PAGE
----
The team from the University of California, Berkeley, and Lawrence Berkeley National Laboratory use two layers of different perovskite materials that can be sprayed onto a flexible surface. The design achieves an efficiency of 21.7% and a peak efficiency of 26%.
“We have set the record now for different parameters of perovskite solar cells, including the efficiency,” said Alex Zettl, professor of physics at UC Berkeley, senior faculty member at Berkeley Lab and member of the Kavli Energy Nanosciences Institute. “The efficiency is higher than any other perovskite cell – 21.7 percent – which is a phenomenal number, considering we are at the beginning of optimizing this.”
Previous attempts to merge two perovskite materials have failed because the materials degrade one another’s electronic performance. “This is realizing a graded bandgap solar cell in a relatively easy-to-control and easy-to-manipulate system,” Zettl said. “The nice thing about this is that it combines two very valuable features – the graded bandgap, a known approach, with perovskite, a relatively new but known material with surprisingly high efficiencies – to get the best of both worlds. In this case, we are swiping the entire solar spectrum from infrared through the entire visible spectrum,” Ergen said. “Our theoretical efficiency calculations should be much, much higher and easier to reach than for single-bandgap solar cells because we can maximize coverage of the solar spectrum.”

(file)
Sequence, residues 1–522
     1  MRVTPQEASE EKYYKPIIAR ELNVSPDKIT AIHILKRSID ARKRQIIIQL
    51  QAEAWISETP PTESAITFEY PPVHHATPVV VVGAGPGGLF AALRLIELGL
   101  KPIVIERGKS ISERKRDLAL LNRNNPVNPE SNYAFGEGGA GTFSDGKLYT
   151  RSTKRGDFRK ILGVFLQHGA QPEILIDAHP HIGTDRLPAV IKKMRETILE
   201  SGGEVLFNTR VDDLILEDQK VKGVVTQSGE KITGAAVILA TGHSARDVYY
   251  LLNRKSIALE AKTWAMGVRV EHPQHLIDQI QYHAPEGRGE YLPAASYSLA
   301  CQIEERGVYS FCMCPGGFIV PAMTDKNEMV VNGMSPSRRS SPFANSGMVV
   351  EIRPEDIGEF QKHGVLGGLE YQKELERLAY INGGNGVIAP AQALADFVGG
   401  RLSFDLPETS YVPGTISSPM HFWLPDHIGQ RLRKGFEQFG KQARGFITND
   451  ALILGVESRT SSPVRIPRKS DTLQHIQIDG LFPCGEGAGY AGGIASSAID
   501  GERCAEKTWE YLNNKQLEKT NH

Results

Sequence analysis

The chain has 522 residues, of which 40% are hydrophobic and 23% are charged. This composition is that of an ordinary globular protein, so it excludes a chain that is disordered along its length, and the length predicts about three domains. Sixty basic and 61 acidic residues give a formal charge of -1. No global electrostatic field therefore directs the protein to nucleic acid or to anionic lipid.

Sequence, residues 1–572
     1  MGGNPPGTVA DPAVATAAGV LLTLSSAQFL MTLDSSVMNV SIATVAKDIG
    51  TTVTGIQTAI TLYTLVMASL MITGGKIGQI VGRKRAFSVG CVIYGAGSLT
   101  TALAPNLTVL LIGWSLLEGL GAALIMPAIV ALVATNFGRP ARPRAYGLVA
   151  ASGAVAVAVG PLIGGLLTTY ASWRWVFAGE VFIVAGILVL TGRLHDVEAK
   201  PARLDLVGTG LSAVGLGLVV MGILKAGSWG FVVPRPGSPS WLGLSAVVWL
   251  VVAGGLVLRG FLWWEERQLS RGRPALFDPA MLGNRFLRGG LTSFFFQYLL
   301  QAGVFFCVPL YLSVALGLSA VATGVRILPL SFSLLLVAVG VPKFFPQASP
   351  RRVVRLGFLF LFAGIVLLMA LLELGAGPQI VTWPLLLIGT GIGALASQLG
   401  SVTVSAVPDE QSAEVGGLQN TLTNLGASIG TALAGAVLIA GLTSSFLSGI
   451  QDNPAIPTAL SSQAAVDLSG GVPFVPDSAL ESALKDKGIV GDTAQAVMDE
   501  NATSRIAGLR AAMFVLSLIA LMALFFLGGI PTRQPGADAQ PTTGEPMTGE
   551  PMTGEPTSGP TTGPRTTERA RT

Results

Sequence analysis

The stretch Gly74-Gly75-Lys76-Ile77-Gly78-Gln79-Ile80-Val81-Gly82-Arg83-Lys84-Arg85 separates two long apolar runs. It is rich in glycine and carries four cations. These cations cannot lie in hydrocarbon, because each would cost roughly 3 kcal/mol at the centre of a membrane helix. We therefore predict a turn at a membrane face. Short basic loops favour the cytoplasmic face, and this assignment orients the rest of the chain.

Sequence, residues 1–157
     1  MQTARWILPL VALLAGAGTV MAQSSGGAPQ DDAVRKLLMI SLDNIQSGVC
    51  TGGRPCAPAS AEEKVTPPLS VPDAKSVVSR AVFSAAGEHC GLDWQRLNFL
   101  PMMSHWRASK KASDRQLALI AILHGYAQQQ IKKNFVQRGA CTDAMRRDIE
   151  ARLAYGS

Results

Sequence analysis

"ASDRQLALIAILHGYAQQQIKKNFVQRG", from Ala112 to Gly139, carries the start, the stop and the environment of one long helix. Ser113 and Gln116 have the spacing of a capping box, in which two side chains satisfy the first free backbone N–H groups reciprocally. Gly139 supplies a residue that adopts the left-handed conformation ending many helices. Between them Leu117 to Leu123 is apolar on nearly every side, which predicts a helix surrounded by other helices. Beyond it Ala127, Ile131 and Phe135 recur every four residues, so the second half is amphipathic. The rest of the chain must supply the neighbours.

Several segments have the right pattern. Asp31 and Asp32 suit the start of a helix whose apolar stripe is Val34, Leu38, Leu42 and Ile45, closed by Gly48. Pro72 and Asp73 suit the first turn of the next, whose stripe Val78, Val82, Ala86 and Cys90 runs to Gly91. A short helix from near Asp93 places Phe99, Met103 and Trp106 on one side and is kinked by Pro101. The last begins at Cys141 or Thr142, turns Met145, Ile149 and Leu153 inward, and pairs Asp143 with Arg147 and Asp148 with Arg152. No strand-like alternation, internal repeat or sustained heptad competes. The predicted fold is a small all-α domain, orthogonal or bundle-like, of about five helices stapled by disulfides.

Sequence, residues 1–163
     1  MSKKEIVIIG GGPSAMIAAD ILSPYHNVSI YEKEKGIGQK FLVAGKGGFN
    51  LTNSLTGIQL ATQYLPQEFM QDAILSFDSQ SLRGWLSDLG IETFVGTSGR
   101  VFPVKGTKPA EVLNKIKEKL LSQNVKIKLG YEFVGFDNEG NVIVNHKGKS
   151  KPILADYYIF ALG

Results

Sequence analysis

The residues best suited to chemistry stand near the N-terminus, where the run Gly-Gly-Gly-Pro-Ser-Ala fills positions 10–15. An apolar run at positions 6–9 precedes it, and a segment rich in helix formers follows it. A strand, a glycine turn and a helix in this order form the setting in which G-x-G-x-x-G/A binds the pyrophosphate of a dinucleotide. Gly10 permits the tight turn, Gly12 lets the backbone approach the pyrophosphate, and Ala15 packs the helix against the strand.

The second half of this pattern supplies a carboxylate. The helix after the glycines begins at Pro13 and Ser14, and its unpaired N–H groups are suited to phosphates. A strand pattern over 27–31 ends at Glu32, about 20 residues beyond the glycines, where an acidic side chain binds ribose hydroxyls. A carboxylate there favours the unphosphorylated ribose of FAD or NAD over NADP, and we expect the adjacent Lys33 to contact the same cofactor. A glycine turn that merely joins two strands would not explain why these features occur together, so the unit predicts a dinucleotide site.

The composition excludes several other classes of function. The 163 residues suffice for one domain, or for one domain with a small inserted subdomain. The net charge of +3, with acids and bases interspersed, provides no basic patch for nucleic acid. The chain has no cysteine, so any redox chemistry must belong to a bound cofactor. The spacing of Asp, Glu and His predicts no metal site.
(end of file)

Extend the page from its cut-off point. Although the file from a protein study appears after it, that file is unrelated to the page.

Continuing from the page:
The key to combining the two materials into a tandem solar cell is a single-atom thick layer of hexagonal boron nitride separating organic molecules methyl and ammonia, one with tin and iodine, the other with lead and iodine doped with bromine. The former is tuned to preferentially absorb infrared light with an energy of 1 eV while the latter absorbs 2 eV yellow photons.The perovskite/boron nitride sandwich is placed on a lightweight aerogel of graphene that promotes the growth of finer-grained perovskite crystals, serves as a moisture barrier and helps stabilize charge transport though the solar cell, says Zettl, and capped at the bottom with a gold electrode and at the top by a gallium nitride layer that collects the electrons that are generated within the cell. The active layer of the thin-film solar cell is about 400 nanometers thick.